Liquid dairy manure has been injected on the soil contour to depths of 6 and 12 inches and applied to the surface of a Bluegrass sod and a bare tilled soil. Application rates of 9,250 gallons per acre were used. Runoff from 9-foot-square plots which were sprinkled at rates of 2.5 inches per hour on sod and 1.5 inches per hour on bare soil was collected and analyzed for various pollution parameters including COD, N, TS, TSS, pH, DO, and Fecal Coliform. The effects of pollutant yield in the runoff have been determined for various treatments.
Injection of the manure into the soil essentially eliminated any pollutant yield in the runoff from the test plots as compared with surface application. Also, injection tended to even the rate of pollutant loss in the runoff. Increasing the delay-time between application of liquid manure and the simulated rainfall event significantly decreased the yield of pollutants in the runoff. Repeated yearly applications of manure on sod reduced pollutant concentration in runoff and also reduced runoff rates. Test results indicate that pollutant concentration in runoff is a function of the concentration in the liquid manure and the total quantity of runoff.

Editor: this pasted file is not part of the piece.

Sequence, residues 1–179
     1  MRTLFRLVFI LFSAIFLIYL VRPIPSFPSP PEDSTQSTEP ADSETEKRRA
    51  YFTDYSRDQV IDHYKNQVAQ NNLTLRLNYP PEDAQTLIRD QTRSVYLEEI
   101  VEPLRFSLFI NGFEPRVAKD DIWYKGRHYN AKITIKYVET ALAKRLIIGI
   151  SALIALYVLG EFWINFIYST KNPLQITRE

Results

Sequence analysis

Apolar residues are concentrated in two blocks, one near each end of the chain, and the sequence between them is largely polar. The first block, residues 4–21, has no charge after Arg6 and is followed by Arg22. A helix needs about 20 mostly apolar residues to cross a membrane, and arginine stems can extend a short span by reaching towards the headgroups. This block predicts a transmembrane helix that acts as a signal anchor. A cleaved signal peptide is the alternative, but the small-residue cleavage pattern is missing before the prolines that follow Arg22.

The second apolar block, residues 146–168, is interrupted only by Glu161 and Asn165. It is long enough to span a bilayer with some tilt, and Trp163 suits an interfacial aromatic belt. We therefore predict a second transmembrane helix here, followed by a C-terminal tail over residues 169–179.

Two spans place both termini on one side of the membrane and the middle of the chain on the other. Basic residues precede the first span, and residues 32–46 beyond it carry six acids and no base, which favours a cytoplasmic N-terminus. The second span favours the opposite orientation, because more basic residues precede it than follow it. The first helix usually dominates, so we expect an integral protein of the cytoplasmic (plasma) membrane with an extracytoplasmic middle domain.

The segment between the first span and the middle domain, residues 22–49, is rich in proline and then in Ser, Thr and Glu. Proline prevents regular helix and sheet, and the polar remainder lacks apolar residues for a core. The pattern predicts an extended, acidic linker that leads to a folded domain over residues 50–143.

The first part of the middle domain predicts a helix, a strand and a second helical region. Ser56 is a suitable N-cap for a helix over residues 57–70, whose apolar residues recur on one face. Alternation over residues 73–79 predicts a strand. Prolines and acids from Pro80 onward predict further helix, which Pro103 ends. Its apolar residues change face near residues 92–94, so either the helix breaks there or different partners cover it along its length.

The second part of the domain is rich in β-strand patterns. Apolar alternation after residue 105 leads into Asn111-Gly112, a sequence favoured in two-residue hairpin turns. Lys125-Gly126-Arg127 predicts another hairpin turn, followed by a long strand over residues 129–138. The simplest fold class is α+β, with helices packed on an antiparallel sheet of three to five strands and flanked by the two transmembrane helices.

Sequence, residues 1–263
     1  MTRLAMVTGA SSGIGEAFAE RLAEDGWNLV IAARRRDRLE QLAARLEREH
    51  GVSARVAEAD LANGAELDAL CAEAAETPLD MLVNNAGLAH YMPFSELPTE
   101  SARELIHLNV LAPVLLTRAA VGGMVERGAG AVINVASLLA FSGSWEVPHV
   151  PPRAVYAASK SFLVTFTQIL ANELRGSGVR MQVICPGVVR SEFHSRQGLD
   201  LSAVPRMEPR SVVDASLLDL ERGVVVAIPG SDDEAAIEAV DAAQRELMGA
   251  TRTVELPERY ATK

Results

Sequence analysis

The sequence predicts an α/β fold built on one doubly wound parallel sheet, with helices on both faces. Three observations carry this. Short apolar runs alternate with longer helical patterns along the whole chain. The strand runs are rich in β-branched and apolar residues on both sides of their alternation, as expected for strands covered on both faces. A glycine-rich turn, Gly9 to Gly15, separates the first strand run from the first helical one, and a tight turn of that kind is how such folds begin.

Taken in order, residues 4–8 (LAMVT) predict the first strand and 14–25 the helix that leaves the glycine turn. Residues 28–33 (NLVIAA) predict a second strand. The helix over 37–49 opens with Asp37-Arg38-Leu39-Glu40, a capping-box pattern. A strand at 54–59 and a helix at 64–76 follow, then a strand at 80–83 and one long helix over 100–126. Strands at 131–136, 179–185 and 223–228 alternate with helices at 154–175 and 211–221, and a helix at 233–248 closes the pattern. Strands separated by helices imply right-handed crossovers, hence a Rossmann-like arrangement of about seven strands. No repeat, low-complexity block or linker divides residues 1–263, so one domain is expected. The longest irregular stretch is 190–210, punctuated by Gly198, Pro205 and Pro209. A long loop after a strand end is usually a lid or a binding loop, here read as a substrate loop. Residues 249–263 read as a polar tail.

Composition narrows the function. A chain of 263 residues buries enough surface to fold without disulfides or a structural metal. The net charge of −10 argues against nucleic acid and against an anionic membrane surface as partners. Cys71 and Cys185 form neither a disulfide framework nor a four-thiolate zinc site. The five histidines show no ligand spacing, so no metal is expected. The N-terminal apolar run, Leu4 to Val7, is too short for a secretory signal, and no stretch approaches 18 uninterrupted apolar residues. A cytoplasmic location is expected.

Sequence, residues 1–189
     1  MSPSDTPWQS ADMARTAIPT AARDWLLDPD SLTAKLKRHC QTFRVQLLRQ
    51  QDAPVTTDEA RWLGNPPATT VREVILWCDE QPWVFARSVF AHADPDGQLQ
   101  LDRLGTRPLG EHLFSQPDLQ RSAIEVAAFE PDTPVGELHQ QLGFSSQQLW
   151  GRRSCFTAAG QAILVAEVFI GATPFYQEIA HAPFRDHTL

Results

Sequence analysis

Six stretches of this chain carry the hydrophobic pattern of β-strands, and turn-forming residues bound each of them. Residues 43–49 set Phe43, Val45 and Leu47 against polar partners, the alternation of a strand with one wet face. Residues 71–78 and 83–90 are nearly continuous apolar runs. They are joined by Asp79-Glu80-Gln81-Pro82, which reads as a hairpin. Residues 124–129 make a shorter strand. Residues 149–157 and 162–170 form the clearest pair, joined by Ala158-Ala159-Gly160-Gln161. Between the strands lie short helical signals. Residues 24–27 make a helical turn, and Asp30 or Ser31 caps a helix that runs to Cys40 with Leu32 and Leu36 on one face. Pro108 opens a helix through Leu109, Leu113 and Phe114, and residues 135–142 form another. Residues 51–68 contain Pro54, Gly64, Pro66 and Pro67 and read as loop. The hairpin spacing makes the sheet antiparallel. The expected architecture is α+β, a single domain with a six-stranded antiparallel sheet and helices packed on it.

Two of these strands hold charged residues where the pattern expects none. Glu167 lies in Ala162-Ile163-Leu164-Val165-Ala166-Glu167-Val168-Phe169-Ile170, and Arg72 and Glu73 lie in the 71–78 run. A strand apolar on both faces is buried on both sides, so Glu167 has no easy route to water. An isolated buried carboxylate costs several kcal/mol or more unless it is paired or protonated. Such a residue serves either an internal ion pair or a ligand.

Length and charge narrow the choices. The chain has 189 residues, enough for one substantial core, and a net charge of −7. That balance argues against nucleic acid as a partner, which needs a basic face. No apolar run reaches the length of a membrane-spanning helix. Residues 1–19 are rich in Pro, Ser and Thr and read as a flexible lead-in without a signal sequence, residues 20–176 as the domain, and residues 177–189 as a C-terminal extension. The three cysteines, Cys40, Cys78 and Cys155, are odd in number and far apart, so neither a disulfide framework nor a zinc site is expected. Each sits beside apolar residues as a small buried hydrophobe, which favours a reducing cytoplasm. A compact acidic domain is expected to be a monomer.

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The work on which this report is based was supported in part by funds provided by the Office of Water Research and Technology, United States Department of the Interior, as authorized under the Water Resources Research Act of 1964.
Ross, I. J.; Sizemore, S.; Bowden, J. P.; and Haan, C. T., "Effects of Soil Injection of Liquid Dairy Manure on the Quality of Surface Runoff" (1978). KWRRI Research Reports. 89.